Monday, April 25, 2011

Extreme Conservation: Kakapo Rescue

How far should we go to save endangered species? How about to save cute, endearing endangered species? In the case of the kakapo, flightless parrots from New Zealand, dedicated rangers and volunteers are going all out to pull the birds back from the extinction precipice they teeter on.

The Cybils Nonfiction (Middle Grade and Young Adult) finalist list led me to Kakapo Rescue: Saving the World's Strangest Parrot, where Sy Montgomery's documents the efforts undertaken to save the fuzzy bird. Montgomery and Nic Bishop traveled to the bottom of the world to spend ten days on the only island where kakapo live, to observe the animals and the people devoted to them.  At the time of the book, only 86, no, 88, no, 87 kakapo survived.  Each chick was assessed many times a day, using video cameras and detectors.  When the mom left the nest to forage, kakapo minders sneaked in with heating blankets to encourage more growth.  If mom showed any signs of carelessness, the rangers whisked the chick to an incubator where people provided round-the-clock care.

Adult kakapo wear tags that allow the rangers to track them daily or weekly, and personalized hoppers of food catered to individual needs get refilled regularly.  Montgomery conveys the dedication, love, and hard work everyone working to save the birds bring to their efforts, and the grief or elation when a chick or adult dies or a new egg hatches.  The text and pictures work well together, although the birds are hard to photograph since they may not be disturbed.  My favorite moment is Montgomery describing Bishop's conflict when they are surprised on a picnic by Sinbad, a ten year old wild kakapo.  This is an amazing, unique chance for pictures, but he can't move quickly or interact overtly with the curious bird.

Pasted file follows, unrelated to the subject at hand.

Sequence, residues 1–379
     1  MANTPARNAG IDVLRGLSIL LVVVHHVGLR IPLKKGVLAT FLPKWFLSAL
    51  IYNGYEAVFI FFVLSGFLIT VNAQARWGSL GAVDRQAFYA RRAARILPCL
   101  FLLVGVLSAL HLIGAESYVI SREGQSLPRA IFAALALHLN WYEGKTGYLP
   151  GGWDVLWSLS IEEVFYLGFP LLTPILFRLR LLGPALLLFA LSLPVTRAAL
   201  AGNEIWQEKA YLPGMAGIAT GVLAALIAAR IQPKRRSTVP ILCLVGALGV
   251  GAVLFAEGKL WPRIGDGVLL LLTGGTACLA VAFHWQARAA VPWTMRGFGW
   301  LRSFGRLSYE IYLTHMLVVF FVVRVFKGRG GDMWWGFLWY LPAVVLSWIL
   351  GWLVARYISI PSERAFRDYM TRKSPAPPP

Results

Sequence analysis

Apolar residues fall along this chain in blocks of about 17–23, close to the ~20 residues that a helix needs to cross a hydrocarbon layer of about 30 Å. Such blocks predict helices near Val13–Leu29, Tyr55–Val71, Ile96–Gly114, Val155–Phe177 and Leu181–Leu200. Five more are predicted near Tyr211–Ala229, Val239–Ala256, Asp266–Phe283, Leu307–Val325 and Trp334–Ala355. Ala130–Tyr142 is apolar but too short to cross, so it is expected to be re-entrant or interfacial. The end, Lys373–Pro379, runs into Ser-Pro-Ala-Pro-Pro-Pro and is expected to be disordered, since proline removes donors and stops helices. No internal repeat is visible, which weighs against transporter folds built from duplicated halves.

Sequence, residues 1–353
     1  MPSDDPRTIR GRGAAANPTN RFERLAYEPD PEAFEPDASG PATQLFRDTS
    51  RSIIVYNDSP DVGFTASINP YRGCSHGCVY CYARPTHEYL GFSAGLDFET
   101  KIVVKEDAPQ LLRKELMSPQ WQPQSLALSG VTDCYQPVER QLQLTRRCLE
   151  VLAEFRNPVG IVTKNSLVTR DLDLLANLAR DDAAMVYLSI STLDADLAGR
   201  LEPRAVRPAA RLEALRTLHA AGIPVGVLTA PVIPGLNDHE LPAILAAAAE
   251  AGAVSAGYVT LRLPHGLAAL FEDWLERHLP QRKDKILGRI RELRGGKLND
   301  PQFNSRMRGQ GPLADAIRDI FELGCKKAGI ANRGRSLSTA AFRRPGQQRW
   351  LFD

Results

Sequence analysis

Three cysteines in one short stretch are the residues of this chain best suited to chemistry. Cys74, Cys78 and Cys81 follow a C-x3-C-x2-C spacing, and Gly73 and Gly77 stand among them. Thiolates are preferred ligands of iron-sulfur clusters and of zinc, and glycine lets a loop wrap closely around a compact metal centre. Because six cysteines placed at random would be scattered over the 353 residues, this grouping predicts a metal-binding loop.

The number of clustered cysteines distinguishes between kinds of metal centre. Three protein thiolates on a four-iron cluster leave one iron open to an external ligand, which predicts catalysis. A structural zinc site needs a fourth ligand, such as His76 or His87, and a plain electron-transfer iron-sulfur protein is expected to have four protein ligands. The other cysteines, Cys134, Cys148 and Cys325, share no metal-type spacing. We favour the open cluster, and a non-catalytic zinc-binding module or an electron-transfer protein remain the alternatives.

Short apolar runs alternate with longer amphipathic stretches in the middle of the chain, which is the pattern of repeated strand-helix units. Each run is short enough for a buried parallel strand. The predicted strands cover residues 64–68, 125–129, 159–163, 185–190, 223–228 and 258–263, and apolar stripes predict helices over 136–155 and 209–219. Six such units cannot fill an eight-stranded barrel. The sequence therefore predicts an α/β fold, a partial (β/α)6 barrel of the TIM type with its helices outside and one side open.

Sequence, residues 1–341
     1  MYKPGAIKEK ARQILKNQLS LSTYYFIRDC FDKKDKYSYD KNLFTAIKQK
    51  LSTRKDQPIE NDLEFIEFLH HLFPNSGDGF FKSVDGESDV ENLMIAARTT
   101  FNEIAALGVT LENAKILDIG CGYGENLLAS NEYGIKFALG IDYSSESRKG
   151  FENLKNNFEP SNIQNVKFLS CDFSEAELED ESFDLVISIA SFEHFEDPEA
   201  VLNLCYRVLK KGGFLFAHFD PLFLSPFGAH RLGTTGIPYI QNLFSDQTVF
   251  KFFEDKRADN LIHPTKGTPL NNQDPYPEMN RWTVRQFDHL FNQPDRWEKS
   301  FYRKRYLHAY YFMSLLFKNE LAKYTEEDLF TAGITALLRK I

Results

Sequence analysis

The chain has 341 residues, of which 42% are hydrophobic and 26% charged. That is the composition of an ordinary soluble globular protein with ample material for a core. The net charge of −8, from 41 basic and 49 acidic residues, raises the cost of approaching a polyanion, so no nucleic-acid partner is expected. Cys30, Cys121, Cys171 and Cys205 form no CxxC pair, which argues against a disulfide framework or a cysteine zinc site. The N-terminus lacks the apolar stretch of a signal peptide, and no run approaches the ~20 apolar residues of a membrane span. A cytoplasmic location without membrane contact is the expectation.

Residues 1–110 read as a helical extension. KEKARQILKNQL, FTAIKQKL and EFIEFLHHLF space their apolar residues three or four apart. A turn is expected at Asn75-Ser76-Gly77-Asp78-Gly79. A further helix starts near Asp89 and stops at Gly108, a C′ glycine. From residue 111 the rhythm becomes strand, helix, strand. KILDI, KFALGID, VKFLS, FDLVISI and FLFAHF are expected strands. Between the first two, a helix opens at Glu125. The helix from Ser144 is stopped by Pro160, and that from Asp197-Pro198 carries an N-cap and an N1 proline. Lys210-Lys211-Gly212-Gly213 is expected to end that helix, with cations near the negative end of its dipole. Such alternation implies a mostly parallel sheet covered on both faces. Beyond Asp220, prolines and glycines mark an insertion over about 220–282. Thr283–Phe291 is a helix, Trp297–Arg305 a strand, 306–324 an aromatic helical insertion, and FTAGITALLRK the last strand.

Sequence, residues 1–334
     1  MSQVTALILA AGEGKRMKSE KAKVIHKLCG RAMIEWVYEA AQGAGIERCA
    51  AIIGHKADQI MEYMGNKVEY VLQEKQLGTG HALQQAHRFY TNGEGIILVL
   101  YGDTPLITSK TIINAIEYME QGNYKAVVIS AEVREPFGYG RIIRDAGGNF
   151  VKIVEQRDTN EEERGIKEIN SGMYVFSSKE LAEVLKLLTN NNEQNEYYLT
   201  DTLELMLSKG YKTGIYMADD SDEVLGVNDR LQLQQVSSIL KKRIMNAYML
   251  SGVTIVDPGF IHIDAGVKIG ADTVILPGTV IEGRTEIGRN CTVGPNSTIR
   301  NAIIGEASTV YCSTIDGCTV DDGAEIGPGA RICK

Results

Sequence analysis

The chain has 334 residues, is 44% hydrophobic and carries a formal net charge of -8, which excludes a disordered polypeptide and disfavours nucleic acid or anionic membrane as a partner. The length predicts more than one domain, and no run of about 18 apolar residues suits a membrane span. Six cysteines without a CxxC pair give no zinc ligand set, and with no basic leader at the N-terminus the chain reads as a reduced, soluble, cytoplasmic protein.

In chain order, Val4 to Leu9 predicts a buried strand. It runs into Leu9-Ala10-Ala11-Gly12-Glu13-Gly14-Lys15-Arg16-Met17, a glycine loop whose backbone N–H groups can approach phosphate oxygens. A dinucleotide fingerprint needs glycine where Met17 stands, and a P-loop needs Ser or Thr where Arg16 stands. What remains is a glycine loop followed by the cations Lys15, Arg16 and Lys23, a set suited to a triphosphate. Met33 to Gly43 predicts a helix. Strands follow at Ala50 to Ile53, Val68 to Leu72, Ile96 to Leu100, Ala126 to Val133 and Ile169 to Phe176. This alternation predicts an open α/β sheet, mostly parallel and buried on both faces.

I did find myself wondering if there is really a viable genetic pool for a real future for the bird, but the book assumes the reader will love the endearing parrot as much as the writers and the volunteers do.  This does read as a kidlit nonfiction; some questions aren't asked and some short cuts are taken.  The account is personal enough that I wanted more pictures of the author and photographer.  

Looking at the web site provided at the end, I see that efforts have gone well -- the population is up to 120, and two islands now sport kakapo.  Their long-term future is still in doubt, though.  B

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